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Anthropology students at three universities are putting together an Interuniversity Ethnographic Film Festival of Montreal (FFEM, in its French translation). The fest is intended to get both the general and academic public interested in ethnographic films, and the filmmakers will be present for discussion after each presentation. For the McGill screenings on Friday Feb. 20, see On Campus, page 15.
Topics are as diverse as tavern culture in contemporary Montreal, the effect of political change on social dance in Cuba, Mexican funerary practices, employee-boss relations in Quebec and America, the political situation in Western China, veiled women in Yemen, and the transformation of Romania's national symbol.
For detailed information, go to www.anthro.umontreal.ca/-varia/festival04. Events will take place on Saturday, February 21 at Concordia University, from 12:30 pm until 10:00 pm, at J.A de Sève Cinema, 1400 de Maisonneuve Boul. LB-123-125; and on Sunday, February 22 at the Universitv of Montreal, Pavillon Lionel-Groulx, 3150 rue Jean-Brillant, rm. C-3061, from 12:30 pm until 10:30 pm.
Will hipster cow Moopheus reveal to cheery pig Leo the reality of modern-day corporate food production? Watch Leo take the red pill and discover his pastoral farm home is all a fantasy at www.themeatrix.com. With Lent coming up, you may be thinking the least you can do is eat more responsibly, and this website helps you learn more about factory farming. Go the the featured international action links to find out about Canadian grocers who sell organic goods and humanely raised animal products.
Dear Dr. Archibald,
It was in the fall of 2000 — that is, in May, since our seasons in Argentina are the opposite of yours. I had just come back to Buenos Aires from a couple of years in the States, where I earned my master's degree in electrical engineering. My wife and I were full of enthusiasm: Our marriage was strong despite the trying student years with three children to support, but we were young — relatively speaking — and ready to start out building a new life as young professional porteños in possibly the most exciting city in South America. Convinced that a professional engineer with a good working knowledge of both Spanish and English, coupled with a solid South and North American education, could be a player on the global stage, I was looking around for opportunities that would allow me to use all my professional skills in international development projects.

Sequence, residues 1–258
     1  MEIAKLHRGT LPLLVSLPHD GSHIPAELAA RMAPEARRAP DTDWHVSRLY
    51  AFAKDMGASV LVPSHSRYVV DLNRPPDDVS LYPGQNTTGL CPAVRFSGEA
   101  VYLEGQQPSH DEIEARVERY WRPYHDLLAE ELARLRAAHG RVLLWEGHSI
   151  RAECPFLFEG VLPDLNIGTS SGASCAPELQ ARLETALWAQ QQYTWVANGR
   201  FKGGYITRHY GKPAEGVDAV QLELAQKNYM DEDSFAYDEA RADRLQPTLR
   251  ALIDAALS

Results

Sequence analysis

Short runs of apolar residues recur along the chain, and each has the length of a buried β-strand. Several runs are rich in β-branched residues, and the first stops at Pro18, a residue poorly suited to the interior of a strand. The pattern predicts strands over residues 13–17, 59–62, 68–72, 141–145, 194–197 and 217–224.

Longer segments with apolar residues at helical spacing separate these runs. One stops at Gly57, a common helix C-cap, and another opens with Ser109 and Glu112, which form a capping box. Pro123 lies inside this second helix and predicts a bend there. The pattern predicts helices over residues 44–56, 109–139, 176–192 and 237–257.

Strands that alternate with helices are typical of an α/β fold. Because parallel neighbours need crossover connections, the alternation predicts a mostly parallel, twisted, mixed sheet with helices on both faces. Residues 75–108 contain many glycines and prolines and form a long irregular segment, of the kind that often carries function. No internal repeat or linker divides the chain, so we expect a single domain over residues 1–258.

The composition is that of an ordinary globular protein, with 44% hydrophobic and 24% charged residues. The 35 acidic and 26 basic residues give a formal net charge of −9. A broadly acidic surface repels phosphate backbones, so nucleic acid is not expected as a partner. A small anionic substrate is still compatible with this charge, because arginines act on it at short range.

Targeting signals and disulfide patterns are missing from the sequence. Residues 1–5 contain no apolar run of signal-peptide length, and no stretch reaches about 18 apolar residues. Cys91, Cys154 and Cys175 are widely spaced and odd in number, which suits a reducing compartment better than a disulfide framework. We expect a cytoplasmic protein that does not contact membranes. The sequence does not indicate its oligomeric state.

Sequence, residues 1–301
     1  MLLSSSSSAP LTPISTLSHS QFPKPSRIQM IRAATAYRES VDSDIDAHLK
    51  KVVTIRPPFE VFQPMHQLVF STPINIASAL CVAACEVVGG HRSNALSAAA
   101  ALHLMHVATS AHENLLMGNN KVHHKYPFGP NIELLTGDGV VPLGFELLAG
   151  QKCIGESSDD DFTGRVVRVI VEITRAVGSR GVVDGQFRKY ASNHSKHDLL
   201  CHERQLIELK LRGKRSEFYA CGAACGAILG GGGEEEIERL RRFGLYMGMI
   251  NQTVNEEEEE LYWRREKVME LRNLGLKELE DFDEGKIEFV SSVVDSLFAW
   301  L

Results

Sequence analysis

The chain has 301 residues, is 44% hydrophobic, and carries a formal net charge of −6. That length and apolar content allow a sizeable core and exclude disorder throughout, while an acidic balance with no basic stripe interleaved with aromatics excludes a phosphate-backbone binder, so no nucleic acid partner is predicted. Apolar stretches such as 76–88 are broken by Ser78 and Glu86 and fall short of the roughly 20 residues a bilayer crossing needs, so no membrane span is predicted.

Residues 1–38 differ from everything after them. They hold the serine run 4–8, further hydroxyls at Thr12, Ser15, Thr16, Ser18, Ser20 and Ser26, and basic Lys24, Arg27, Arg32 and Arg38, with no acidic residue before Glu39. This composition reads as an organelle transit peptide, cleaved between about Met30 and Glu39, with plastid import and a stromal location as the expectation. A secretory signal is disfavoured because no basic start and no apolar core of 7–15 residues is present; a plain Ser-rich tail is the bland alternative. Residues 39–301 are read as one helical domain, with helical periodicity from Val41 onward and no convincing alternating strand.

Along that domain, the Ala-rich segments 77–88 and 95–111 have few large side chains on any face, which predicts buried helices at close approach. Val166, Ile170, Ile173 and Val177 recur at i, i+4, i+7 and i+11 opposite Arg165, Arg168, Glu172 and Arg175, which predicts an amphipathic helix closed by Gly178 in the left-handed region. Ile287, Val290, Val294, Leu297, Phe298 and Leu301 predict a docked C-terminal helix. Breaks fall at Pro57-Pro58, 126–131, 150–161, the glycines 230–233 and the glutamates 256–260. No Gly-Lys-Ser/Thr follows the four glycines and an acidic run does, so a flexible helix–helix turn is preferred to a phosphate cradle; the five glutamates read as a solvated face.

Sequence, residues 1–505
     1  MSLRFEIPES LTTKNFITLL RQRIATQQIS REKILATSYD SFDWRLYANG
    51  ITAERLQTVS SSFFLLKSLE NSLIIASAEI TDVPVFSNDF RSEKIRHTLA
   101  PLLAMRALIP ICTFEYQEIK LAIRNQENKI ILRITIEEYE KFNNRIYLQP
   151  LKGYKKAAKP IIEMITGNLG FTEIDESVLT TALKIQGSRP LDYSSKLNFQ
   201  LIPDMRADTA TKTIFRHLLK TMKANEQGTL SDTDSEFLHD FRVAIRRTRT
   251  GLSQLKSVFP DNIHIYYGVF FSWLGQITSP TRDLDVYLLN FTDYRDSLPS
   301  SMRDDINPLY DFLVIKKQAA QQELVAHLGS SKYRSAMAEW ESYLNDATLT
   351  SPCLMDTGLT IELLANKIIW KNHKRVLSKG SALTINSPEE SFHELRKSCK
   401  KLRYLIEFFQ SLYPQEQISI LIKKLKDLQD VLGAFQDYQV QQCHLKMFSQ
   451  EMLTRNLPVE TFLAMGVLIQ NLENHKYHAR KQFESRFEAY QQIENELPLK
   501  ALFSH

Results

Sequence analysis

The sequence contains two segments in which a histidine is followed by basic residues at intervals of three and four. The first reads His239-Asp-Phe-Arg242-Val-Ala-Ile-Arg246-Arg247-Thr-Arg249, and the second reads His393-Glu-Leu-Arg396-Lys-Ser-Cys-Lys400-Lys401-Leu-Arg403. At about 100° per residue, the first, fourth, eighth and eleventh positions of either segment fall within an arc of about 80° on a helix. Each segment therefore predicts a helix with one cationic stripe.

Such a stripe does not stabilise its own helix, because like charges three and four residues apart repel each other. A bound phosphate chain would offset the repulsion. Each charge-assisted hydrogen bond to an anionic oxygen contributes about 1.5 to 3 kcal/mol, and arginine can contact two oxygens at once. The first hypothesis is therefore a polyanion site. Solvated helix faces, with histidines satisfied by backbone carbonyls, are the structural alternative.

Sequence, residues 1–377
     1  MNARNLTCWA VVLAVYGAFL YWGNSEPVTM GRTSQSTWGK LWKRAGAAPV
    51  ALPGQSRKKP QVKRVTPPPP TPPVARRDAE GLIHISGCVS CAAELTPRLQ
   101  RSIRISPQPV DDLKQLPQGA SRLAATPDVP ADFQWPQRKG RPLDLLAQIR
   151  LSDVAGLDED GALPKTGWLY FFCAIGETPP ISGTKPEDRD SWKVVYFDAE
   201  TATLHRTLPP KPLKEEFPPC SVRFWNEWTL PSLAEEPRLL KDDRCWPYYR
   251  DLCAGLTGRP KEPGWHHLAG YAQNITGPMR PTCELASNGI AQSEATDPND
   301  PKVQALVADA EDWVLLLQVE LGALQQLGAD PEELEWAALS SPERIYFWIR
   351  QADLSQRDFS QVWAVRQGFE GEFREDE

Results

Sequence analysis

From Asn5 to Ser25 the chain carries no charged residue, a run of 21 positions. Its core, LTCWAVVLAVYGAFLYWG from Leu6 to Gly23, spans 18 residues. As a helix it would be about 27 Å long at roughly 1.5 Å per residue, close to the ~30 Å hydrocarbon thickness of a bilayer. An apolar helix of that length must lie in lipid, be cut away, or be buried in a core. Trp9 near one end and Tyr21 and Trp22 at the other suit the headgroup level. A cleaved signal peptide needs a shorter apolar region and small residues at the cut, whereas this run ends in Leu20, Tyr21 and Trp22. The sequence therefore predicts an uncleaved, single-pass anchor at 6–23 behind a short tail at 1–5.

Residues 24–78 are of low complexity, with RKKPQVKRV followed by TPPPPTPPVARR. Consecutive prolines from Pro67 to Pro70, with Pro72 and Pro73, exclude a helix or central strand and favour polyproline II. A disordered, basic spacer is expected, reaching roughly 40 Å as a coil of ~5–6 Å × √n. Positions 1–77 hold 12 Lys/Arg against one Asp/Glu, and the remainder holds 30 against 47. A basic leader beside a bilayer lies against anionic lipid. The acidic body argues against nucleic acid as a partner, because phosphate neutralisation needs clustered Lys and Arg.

It so happened that the Premier of Quebec, Lucien Bouchard, and some of his ministers had put together a team of Quebecers who were on tour in Argentina and Chile in order to drum up business. Remember how Quebec was trying to position itself in the FTAA negotiations? Fascinating! A place with a "Latin" culture sitting on the border of the U.S. with tremendous potential for development — domestically and internationally — and with experience and expertise in electrical engineering. What a fit!
I didn't really think much more about it, until that is, we lost parity with the U.S. dollar. Our national debt exploded, and our personal savings in the country were either blocked or evaporated all together. Our buying power shrank on a daily basis, and my wife and I had to scrounge to keep food on the table. Imagine the reaction of an optimistic young professional with four children to support! The international development project I was looking for in 2000 suddenly became my personal project. I began looking at my options.
Going back to the States wasn't in the cards. Then I recalled the meeting between some Quebec officials and a group of professional engineers back in 2000. So, I called up the Quebec Government Office, which had opened its doors in my country in 2000, and made an appointment with the chargé d'affaires in order to discuss my chances of making a successful move to Quebec.